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How To Set A Balance Of User Growth Vs Profitability

Posted on the 17 April 2019 by Martin Zwilling @StartupPro

How To Set A Balance Of User Growth Vs Profitability

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  1. Pick an idea that has the potential to make money. That means it solves a real problem for real customers who are ready and able to spend real money. The number of current potential customers is large and growing. Solutions that may be viewed as “nice to have” or “satisfies a higher-level need” won’t get funded.
  2. Design a product or service that you can sell. Sure, you may need to give the product away for free to get traction, but assume you will have to sell something someday to get profitable and stay alive. MySpace, for example, launched in 2003 and boomed for five years without a revenue model. When their deep pockets went empty, Facebook stepped in, but demanded revenue from ads. MySpace wasn’t ready for this, and it soon faded. Don’t count on finding investors supporting growth alone on your new startup.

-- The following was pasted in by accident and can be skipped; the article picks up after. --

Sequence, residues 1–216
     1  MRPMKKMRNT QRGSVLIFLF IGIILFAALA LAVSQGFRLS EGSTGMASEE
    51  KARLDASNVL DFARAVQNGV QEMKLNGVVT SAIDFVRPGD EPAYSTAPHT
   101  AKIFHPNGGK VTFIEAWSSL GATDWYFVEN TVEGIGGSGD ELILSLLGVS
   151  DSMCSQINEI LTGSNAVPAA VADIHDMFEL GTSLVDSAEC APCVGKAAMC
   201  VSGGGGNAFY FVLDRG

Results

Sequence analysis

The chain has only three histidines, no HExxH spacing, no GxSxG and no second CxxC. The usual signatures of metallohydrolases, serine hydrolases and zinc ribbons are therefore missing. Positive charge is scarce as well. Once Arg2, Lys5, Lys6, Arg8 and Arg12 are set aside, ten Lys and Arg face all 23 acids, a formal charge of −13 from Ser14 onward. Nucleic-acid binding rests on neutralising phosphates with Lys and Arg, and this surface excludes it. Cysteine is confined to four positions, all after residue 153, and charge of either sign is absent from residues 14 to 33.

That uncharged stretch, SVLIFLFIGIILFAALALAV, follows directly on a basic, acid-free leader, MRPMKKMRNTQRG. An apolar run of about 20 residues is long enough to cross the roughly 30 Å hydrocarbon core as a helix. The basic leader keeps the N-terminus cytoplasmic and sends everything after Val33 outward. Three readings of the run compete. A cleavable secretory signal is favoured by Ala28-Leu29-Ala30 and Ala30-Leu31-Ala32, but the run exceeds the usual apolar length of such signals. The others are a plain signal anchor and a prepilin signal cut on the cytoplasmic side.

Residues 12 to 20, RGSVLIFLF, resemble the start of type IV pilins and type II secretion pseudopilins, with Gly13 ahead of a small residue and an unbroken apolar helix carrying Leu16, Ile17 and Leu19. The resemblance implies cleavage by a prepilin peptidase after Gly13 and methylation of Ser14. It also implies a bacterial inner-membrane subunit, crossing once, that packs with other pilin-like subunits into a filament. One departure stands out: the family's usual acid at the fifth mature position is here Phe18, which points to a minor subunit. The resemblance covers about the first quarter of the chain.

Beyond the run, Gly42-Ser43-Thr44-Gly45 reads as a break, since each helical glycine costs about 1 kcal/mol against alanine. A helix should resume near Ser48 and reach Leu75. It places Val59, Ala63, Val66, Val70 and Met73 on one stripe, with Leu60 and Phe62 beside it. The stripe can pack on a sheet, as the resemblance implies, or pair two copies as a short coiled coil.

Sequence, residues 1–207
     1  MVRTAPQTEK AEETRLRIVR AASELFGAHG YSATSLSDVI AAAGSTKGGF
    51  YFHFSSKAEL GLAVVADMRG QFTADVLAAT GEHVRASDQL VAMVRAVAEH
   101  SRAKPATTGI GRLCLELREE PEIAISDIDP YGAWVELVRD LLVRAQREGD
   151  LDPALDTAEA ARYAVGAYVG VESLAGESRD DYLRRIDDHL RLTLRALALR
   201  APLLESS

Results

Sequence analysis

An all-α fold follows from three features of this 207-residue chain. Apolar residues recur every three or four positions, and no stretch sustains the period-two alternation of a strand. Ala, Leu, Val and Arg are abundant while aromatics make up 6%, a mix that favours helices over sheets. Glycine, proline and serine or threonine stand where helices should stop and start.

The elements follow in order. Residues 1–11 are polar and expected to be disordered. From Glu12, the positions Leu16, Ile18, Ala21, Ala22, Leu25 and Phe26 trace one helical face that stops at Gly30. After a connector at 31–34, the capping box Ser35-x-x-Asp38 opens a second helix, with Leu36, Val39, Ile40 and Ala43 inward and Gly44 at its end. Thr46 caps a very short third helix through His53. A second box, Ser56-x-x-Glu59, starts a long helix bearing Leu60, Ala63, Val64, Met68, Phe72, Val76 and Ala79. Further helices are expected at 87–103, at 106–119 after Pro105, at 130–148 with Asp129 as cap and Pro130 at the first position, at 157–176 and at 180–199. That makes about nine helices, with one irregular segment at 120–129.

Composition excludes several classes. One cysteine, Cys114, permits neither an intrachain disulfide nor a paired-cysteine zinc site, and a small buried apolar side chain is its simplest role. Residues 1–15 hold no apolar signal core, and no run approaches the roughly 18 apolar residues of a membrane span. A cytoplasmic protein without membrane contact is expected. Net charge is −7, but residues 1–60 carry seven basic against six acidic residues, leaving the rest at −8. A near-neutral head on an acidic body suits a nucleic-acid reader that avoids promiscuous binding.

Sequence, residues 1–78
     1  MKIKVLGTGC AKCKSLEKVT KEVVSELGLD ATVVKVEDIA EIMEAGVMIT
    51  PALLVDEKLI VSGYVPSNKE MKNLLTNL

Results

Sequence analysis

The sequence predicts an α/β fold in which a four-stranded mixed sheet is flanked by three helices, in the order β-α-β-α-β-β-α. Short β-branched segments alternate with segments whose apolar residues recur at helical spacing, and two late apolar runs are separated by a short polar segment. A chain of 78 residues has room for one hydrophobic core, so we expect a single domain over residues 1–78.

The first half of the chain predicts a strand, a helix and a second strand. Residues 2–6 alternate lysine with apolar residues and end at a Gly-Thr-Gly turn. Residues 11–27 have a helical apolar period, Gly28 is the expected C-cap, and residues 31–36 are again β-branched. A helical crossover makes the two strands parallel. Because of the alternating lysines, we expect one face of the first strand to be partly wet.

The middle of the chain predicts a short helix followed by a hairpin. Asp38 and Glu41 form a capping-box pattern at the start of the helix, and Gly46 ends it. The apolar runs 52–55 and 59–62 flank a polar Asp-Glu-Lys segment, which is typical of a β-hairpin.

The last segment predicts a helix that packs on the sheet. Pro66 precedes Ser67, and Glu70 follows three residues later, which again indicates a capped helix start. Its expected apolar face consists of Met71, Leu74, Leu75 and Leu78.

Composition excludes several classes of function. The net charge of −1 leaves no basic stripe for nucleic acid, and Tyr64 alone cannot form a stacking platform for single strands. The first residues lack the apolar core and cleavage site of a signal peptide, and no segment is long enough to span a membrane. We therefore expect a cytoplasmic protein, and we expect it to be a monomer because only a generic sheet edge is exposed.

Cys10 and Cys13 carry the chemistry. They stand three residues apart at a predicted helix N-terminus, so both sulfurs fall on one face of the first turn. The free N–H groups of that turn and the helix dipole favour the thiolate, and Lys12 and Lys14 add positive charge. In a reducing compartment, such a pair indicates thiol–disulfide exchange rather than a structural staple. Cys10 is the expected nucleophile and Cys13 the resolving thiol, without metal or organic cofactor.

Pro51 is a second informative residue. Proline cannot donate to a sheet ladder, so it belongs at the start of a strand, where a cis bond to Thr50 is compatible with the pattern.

3. Build a business plan for profitability in your lifetime. This simply means you need to be sensitive to costs, revenue projections, and a timeline, such that there is light at the end of the tunnel. Most Internet businesses should show profitability in two years, while new medicines may take ten years to pass FDA and other safety tests. Investors will look at competitors in your industry for the norms.
  4. Identify the total investment required for profitability. A very common mistake of early stage startups is to request a small investment to get started. They are usually thinking only of costs required to get “in business,” rather than the total costs of marketing, scaling up, and going international. Be ready to answer the investor question “Is that all you need to get profitable?”


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